Woodson, D., Rajagopalan, B., Baker, S., Smith, R., Prairie, J., Towler, E., Ge, M. & Zagona, E. (2021). "Stochastic Decadal Projections of Colorado River Streamflow and Reservoir Pool Elevations Conditioned on Temperature Projections," Water Resources Research, 57 (12), https://doi.org/10.1029/2021WR030936
Decadal (~10-year)-scale flow projections in the Colorado River Basin (CRB) are increasingly important for water resources management and planning of its reservoir system. Physical models, ensemble streamflow prediction (ESP), do not have skill beyond interannual time scales. However, Global Climate Models have good skill in projecting decadal temperatures. This, combined with the sensitivity of CRB flows to temperature from recent studies, motivate the research question, can skill in decadal temperature projections be translated to operationally skillful flow projections and consequently, water resources management? To explore this, we used temperature projections from the Community Earth System Model-Decadal Prediction Large Ensemble (CESM-DPLE) along with past basin runoff efficiency as covariates in a Random Forest (RF) method to project ensembles of multiyear mean flow at the key aggregate gauge of Lees Ferry, Arizona. RF streamflow projections outperformed both ESP and climatology in a 1982–2017 hindcast, as measured by ranked probability skill score. The projections were disaggregated to monthly and subbasin scales to drive the Colorado River Mid-term Modeling System (CRMMS) to generate ensembles of water management variables. The projections of pool elevations in Lakes Powell and Mead, the two largest U.S. reservoirs that are critical for water resources management in the basin, were found to reduce the hindcast median root mean square error by up to −20% and −30% at lead times of 48 and 60 months, respectively, relative to projections generated from ESP. This suggests opportunities for enhancing water resources management in the CRB and potentially elsewhere.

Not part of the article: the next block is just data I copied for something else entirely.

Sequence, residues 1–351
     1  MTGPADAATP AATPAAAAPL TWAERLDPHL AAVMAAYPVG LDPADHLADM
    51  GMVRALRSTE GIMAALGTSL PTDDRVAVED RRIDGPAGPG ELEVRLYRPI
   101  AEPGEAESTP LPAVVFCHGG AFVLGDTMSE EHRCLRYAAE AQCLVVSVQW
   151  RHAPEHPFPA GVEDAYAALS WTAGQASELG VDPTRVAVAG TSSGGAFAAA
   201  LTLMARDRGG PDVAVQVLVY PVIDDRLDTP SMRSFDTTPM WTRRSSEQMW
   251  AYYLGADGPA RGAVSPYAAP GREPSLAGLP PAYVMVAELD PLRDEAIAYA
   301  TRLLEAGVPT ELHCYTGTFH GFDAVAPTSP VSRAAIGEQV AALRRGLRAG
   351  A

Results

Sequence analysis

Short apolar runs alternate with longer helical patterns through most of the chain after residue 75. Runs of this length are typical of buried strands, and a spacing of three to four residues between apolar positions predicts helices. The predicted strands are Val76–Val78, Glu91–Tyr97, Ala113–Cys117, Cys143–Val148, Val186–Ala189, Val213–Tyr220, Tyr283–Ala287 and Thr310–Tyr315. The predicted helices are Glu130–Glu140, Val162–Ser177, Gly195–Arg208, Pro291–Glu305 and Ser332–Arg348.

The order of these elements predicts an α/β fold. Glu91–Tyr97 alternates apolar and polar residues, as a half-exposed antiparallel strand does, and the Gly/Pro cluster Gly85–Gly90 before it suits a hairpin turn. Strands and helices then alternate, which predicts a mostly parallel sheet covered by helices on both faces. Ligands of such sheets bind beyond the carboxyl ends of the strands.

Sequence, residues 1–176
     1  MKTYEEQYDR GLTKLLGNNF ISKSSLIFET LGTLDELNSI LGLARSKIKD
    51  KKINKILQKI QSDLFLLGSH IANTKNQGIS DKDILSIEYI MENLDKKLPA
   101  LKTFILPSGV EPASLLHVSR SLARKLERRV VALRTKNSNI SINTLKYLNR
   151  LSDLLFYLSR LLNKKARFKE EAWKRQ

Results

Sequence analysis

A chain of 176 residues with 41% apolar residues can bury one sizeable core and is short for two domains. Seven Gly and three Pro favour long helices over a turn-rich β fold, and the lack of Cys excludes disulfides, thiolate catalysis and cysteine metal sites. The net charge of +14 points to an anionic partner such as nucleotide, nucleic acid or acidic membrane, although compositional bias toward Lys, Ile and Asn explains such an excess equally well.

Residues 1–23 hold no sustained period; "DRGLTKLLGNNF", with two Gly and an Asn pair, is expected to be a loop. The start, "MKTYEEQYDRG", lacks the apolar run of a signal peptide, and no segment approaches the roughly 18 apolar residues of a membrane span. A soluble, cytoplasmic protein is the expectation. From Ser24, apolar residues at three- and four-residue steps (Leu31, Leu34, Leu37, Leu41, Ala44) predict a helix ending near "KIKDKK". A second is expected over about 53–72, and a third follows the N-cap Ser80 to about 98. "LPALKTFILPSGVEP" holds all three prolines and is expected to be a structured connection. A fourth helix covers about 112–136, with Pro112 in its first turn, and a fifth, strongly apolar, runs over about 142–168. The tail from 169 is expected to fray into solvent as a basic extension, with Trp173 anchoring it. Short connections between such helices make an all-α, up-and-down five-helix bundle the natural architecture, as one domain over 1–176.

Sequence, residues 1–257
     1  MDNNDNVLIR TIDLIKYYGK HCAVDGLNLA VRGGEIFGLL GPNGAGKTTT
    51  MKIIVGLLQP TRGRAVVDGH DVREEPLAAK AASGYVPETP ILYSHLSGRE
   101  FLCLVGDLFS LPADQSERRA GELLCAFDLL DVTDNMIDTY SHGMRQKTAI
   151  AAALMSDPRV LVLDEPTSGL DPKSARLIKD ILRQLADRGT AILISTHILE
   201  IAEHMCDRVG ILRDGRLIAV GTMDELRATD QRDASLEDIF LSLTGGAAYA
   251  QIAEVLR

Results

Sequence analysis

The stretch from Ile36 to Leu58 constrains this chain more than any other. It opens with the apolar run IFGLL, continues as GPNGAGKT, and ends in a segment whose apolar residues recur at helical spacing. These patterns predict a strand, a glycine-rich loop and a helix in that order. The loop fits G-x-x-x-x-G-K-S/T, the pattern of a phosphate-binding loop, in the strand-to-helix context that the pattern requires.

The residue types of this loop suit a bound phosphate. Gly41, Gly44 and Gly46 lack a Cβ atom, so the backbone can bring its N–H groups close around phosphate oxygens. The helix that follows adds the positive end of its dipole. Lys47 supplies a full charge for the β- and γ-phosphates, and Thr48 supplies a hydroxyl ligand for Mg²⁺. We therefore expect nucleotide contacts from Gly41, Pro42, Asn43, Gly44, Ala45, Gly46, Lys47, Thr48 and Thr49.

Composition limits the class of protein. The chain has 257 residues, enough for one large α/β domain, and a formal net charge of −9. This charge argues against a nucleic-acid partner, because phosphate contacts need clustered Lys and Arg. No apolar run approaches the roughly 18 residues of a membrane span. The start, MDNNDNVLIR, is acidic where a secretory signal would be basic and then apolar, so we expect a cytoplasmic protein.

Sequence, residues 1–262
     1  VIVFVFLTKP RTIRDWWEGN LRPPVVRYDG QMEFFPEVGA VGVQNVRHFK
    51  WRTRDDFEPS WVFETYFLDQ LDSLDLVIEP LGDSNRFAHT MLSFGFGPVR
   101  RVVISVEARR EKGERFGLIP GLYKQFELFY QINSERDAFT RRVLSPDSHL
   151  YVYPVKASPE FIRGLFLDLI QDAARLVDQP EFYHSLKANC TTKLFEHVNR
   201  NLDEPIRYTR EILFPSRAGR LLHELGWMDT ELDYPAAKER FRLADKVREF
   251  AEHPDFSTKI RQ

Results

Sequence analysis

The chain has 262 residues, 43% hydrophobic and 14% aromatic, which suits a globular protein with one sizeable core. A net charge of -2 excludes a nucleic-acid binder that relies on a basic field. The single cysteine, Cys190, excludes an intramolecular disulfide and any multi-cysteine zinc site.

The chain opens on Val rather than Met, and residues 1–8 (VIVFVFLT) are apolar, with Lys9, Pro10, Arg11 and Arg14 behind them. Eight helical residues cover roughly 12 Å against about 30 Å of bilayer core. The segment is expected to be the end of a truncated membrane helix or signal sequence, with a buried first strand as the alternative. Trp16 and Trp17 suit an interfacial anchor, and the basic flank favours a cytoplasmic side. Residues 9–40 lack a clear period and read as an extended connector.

Keywords: water resources, streamflow forecasting, Colorado River, climate projections, machine learning, Random Forest